- Body Talk
- Age 4
- Age 5
- Age 6
- Age 7
Let’s Learn About Making Friends
Read to Your Child
In Body Talk, Bing and Bong started out trying their normal moves with the Flockers they didn’t know. They waved, they bowed and smiled. What happened?
The Flockers were afraid and moved away. When Bing and Bong finally watched how the Flockers moved with each other, they started copying the Flockers’ moves. What happened when they did these friendly moves? The Flockers came closer and weren’t afraid.
Bing and Bong made the Flockers feel safe only when they used the same kinds of moves the Flockers did. Bing and Bong learned to use “body talk” to get to know the Flockers and it worked! They started to become friends.
Can you think of a time when you used body talk with someone instead of saying something and they understood that you wanted to get to know them?
You can discover how people get to know one another differently. Just like the Flockers and Bing and Bong, sometimes it takes time to know exactly what to do when meeting a new person. But you can do it if you try out some friendly moves.
You Will Learn …
- How your friendly way of being affects your being able to make a friend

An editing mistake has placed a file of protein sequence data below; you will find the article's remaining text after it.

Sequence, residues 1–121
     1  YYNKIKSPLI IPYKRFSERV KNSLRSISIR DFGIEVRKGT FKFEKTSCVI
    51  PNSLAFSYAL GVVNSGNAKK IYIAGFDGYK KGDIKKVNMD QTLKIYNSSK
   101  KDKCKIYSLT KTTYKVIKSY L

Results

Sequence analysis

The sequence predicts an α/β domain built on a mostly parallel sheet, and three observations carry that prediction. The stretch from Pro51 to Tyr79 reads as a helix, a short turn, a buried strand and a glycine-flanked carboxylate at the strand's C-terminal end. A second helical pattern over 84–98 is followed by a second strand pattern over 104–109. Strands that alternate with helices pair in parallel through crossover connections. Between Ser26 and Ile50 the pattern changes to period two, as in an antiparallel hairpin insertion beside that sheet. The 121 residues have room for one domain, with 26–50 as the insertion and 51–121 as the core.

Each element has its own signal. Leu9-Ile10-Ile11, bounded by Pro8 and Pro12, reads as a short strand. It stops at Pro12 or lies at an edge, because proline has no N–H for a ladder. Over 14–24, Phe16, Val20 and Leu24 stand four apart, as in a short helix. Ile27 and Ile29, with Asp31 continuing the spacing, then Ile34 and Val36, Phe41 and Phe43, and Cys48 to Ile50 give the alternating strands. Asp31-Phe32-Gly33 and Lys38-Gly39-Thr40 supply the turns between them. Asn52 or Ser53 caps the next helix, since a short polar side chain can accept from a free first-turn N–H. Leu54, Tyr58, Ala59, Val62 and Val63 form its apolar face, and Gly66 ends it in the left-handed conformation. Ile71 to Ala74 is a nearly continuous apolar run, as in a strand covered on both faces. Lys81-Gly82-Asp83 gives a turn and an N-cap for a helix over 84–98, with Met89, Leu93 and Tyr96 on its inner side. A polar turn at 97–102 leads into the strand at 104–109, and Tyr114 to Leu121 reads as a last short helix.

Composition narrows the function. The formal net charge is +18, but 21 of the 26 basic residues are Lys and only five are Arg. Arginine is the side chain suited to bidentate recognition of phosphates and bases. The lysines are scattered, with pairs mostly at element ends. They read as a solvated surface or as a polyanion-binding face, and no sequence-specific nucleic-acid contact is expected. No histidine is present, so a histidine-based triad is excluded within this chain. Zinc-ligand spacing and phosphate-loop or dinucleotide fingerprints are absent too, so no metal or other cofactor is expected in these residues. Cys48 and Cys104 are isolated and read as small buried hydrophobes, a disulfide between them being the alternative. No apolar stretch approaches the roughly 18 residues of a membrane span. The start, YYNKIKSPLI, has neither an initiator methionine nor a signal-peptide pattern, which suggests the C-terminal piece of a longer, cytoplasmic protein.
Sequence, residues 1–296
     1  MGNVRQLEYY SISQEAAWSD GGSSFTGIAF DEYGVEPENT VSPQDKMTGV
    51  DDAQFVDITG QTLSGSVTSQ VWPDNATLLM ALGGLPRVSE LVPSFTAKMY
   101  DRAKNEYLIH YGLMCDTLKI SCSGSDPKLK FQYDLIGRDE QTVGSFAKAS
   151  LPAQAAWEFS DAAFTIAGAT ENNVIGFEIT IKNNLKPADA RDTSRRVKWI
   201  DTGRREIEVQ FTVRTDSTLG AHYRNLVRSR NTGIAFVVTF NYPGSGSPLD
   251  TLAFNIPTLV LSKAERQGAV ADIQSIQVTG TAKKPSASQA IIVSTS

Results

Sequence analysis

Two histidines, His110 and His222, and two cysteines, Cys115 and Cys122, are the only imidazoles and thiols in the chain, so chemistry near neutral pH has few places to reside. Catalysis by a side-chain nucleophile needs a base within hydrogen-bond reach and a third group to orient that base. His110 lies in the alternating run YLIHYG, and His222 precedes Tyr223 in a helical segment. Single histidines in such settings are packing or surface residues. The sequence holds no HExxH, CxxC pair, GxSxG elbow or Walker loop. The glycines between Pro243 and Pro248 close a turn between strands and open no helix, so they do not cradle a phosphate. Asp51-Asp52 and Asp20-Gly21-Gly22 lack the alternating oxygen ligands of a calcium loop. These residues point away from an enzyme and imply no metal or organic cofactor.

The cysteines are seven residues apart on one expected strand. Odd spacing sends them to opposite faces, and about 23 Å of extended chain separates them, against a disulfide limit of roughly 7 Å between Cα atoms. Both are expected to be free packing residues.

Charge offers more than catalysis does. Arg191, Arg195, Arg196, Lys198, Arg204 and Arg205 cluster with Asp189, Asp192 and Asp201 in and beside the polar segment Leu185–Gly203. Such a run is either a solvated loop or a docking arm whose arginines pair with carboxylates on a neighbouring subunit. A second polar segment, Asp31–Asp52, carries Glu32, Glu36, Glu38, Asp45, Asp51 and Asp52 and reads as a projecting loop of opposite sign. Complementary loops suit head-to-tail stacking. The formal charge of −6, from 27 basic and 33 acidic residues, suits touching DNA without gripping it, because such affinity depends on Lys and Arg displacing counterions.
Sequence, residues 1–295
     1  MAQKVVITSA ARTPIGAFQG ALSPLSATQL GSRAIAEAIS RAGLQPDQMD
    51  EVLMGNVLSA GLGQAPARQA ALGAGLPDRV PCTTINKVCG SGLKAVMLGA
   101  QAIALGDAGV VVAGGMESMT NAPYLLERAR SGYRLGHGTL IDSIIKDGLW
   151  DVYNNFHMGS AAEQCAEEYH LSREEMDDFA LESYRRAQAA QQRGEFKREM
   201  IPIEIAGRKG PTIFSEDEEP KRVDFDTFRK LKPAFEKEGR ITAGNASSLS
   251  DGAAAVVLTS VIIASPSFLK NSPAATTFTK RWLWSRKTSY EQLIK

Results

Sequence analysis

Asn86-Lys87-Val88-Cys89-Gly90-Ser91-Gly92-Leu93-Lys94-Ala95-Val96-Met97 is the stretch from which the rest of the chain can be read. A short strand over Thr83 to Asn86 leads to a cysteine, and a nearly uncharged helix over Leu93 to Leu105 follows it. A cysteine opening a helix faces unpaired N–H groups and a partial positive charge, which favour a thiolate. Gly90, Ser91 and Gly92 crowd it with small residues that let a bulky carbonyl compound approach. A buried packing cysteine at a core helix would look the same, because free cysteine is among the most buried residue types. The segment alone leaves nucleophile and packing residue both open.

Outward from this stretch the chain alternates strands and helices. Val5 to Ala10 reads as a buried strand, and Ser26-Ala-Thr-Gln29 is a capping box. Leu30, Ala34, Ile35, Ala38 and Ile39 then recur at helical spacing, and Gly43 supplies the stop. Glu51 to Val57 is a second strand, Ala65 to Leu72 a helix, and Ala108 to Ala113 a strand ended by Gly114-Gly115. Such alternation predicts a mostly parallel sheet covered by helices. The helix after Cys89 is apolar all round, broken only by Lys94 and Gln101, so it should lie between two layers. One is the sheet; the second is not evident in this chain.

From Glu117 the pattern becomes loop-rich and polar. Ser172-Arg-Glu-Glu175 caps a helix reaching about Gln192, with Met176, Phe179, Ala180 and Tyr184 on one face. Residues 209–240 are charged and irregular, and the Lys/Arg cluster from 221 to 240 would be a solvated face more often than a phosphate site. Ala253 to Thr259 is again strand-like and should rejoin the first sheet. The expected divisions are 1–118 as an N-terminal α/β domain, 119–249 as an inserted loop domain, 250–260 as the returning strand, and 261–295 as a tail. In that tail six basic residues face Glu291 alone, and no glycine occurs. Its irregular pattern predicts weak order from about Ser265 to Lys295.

- That some ways of coming up to kids work better than others
- That you have ways you like to be approached by other kids, too.
Making and keeping a friend is one of the most important developmental tasks for 5’s because when they enter school, it’s so important to make a friend.
At five, children are calm and friendly. It is a time of equilibrium in childhood. Children show initiative in establishing friendships with others. They prefer activities that involve other children. It is a key time for learning to share, take turns and play well with one another.
Children ask many questions and can provide simple explanations. They are able to carry out simple investigations and are creative and enthusiastic problem solvers.
- Realizing that making a friend involves thinking about how to approach another child on his or her own terms.
- Awareness of one’s own body language while making friends.
- Noticing the body language of other kids so your child can adapt to other kids’ styles, an important skill in life.
Author: Ann H. McCormick, PhD